I know, I’m lucky. I have awesome kids and an awesome husband to partner with. But I just sometimes could use a break from it all. Parenting is really hard. I signed up for it, and I don’t regret it one bit. But yeah, sometimes a pause button for life would be dreamy.

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~a peaceful moment

Easter (a little late)

I found this Easter to be filled with disappointments.  I hate to say this because of course Easter is not about me.  It’s about the resurrection of Jesus, and I do rejoice in that.  But I found myself today, Easter Sunday, feeling really down about the whole thing.

To begin with, our plans to visit my husband’s family fell through when the kids and I were not feeling well on Good Friday, and we weren’t sure if it was the kind of thing that would get worse or better throughout the weekend.  The kids were super crabby all morning as we finished packing and prepping to leave. It was one of those days when both kids are fussing at the same times, and it’s like they’re competing to be heard, so they cry extra loudly.  The older one was whining and crying about the silliest, littlest things, so we knew something was up.

I decided I could handle the trip by early afternoon and the hubs figured we should at least give the trip a real shot before giving up.  After changing both kids’ diapers about seventeen times in the hour before leaving, a bath became necessary for the older child (don’t ask).  Thank the Lord we hadn’t left our house yet–dealing with that in a dingy gas-station bathroom would have been awful.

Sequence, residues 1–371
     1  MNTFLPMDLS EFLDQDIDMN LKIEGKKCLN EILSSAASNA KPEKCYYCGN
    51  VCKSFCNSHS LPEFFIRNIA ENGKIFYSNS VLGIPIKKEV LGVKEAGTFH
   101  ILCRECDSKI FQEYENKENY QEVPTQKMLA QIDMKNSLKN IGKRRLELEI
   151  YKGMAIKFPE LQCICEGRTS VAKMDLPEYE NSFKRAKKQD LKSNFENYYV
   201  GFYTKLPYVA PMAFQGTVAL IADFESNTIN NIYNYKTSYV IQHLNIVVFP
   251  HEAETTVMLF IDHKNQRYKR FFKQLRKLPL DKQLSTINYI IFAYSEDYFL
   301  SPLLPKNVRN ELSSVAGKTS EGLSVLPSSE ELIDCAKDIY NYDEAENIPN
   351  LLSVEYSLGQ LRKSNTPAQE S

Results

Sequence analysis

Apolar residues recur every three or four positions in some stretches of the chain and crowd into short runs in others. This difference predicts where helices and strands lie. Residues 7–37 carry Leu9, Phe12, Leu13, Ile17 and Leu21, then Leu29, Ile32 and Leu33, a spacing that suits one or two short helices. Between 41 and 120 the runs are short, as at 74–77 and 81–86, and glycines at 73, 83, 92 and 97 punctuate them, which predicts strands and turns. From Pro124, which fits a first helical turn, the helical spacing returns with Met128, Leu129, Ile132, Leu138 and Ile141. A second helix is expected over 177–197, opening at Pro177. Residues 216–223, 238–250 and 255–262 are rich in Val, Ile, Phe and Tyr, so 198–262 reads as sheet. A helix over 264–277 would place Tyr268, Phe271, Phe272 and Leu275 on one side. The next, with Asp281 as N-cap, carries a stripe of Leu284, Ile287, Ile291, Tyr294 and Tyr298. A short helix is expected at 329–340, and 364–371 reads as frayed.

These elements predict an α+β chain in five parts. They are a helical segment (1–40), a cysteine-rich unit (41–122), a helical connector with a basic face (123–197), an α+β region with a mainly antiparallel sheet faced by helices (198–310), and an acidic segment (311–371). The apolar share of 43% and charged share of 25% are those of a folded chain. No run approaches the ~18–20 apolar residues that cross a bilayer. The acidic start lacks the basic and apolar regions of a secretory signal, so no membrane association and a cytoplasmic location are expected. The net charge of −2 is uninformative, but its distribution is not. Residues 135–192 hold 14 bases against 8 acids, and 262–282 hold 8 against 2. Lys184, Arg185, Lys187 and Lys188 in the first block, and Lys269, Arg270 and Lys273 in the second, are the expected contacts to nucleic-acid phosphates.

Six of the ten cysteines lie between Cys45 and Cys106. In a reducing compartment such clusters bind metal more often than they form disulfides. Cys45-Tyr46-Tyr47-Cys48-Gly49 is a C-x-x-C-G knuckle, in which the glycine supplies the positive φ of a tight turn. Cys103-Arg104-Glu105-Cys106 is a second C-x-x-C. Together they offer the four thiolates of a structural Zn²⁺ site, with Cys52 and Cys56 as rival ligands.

We finally got going three hours after we’d hoped to leave our house.  The longest car ride we had taken the newborn on was an hour long each way, and on that return trip, he’d cried a LOT.  So we weren’t too optimistic about a four-hour drive (which we knew could easily become six or more with two children).  Sure enough, less than half an hour in, the little one burst out wailing.  Since our first child was a remarkably good traveler, usually sleeping soundly until hungry, this second kid’s fussiness in the car is uncharted territory.  After the stress of the morning, dealing with crying kids at home and packing our tiny car to bursting at the seams, we already felt as though we’d been traveling all day.

We turned around right away.  Nope, not gonna attempt that long of a trip yet.  Imagining dealing with sickness and crying and crabbiness in a tiny Vibe and then being a guest in someone else’s house on top of that was too much. (Illness is always a bit easier in your own home and your own bed.)

Anyway, some more disappointments: I feel like a lame-o mom with holidays so far.  Case in point: Liam’s first birthday, we decided on a simple cookout with a few neighbor friends instead of a big themed party with all our relatives (no way all sides of the family could fit in our house for a party anyway, and no one lives locally).  We ended up having to cancel even that casual gathering when Liam turned up sick that day.  Score -1 in the mommy game.  Other holidays–well, we have managed to get Liam’s picture with Santa both Christmases, so that’s a win.  However, we didn’t even have a Christmas tree this year because he kept pulling the lights off.  I never decorate for Valentine’s Day or Easter or St. Patrick’s or 4th of July.  About all I do is maybe bake some cookies.

This Easter, I have not done a whole lot with creating traditions for our kids to cherish.  We missed out on all the fun we could have had with Nate’s sisters and their families (they always do tons of cute crafts and treats and activities).  We then found out about all the local Easter egg hunts about an hour too late.  I didn’t buy presents or make up cutesy Easter baskets for the boys, nor did I dress them in matching pastel outfits.  I didn’t hide plastic eggs with candy all over the house and yard for Liam to find first thing this morning.